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Thursday, November 27, 2014         

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Waikiki waterway

A 12-inch water main break floods businesses on Royal Hawaiian Avenue

By Gene Park

POSTED:


For about 20 seconds the pavement on Royal Hawaiian Avenue in Waikiki swelled into a 6-foot-high mound.

"Then swoosh," said Michiko Ishizawa, manager of jewelry store Hana Lima, describing the geyser that erupted.

Water burst from a 12-inch water main break at 11:24 a.m., closing Royal Hawaiian between Kuhio Avenue and Waikolu Way, flooding shops and turning the street into a knee-deep stream.

A large swath of pavement was torn up. Royal Hawaiian was closed into the evening.

Ishizawa said she and a co-worker closed the doors but that water still seeped through. They used mops and brooms to try to keep the water from the back storage room.

"Ten minutes later we could not do anything," Ishizawa said. She pointed to her shin, indicating how high the water rose in her store. "For 45 minutes there was water."

Boxed-up merchandise in the storage room appeared to have suffered extensive water damage. The store was still in the process of moving into the Royal Hawaiian Avenue location from the International Market Place.

Four area businesses were without water service as of yesterday afternoon, but a water wagon was available. Royal Hawaiian Center businesses were out of water during the morning, but service was restored in the afternoon.

Repairs to the main were expected to continue overnight.

"We won't know what happened until after we can do excavation or have our crews out there," Board of Water Supply spokesman Keoni Mattos said. "It is a 12-inch main, one of our larger water mains. It was a full blowout."

Mattos said it was unlikely that the break was caused by age. "When I looked at it, I believe this one was installed in 2003," he said. "It could be a number of reasons."

City Managing Director Douglas Chin said the Board of Water Supply will make capital improvement projects a priority.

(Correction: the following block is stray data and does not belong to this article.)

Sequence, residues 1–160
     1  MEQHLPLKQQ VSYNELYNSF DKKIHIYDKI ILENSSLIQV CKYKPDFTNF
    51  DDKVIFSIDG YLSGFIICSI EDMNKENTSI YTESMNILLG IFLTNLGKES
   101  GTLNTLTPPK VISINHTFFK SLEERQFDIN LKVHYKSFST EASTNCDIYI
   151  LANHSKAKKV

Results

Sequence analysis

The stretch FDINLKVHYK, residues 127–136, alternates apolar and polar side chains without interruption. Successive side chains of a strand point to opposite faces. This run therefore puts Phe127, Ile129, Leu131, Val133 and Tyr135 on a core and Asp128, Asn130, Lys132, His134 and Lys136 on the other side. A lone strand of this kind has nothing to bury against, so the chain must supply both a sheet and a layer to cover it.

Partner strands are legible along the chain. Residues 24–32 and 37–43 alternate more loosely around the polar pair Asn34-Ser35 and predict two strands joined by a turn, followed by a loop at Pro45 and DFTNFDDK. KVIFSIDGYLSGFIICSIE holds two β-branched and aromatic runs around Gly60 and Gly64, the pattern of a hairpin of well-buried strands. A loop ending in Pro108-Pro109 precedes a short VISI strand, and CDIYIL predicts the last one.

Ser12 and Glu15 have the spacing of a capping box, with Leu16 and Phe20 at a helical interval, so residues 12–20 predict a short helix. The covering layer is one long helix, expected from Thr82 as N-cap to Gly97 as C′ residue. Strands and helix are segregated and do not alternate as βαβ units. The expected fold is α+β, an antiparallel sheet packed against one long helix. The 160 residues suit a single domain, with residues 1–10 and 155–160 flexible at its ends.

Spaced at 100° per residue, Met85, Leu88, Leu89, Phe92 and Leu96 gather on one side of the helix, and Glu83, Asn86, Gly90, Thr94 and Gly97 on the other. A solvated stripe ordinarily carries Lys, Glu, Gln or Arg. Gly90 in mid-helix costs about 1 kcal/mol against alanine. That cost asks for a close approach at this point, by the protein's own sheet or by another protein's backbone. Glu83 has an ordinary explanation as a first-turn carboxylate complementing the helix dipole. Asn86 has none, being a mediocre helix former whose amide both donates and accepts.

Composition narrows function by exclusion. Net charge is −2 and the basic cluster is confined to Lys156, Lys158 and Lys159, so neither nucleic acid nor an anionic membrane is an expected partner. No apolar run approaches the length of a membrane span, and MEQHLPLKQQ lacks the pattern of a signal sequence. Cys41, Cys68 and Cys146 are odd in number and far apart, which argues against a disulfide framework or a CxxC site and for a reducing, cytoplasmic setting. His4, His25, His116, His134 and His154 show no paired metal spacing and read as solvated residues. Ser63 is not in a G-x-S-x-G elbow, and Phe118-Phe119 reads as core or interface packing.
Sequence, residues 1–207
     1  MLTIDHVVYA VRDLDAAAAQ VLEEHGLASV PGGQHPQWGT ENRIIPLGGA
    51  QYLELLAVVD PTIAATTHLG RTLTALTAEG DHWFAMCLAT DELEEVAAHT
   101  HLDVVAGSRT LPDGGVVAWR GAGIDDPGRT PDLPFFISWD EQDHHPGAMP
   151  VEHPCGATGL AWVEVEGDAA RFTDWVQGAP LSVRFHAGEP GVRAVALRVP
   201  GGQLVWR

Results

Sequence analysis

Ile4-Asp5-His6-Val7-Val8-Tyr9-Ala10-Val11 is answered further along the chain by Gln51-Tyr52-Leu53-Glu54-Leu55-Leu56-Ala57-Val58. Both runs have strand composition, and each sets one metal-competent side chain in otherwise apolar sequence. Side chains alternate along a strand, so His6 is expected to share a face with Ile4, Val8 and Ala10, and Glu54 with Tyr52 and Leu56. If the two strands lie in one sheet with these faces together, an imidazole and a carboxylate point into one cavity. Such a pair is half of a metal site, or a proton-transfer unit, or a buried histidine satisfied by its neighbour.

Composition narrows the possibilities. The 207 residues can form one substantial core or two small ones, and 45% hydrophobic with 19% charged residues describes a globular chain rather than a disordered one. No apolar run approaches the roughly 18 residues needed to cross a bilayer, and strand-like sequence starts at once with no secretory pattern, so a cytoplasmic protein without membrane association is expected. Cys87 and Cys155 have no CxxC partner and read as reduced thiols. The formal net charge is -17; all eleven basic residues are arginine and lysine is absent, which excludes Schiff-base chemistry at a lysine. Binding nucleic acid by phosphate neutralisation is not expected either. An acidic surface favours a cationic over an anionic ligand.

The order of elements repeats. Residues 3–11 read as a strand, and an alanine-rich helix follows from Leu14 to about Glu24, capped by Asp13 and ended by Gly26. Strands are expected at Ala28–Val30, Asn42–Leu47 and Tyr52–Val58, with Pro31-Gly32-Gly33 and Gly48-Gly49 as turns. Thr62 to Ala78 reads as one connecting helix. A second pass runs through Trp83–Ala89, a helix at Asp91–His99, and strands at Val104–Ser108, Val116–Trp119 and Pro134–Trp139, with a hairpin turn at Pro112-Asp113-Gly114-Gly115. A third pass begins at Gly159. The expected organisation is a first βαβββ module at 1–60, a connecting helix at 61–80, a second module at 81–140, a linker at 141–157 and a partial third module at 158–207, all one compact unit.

"What happened (yesterday) is a reminder that the city's primary budgetary focus must be on updating the city's aging infrastructure, whether it is sewers, the water system or its public roads, even during tough times," Chin said.

Board of Water Supply officials sent a risk management director to talk to business owners about damage claims, Mattos said.

"Depending on the investigation, we will reimburse the businesses," he said.

Water went halfway up the motorcycles at Chase Hawaii Rentals, and might have gotten into some transmissions, operator Nik Chase said.

The store, located directly in front of the water main break, rents Harley-Davidson motorcycles, mo-peds and bicycles.

"We got some water damage in our store," said Chase, whose brother Brent owns the business. "That's two feet of water you're standing in, in less than a minute."

Brent Chase said the road looked like a "miniature volcano" just before the water erupted.

"The amazing thing was the swell of the road," he said. "Probably went up a good six feet."

Business slowed to a trickle, but the gaping hole did attract passing tourists, who stopped to pose for pictures with it.

"So we get a little bit of visibility out of it," Brent Chase said. "It might help us out tomorrow. But not today."

 






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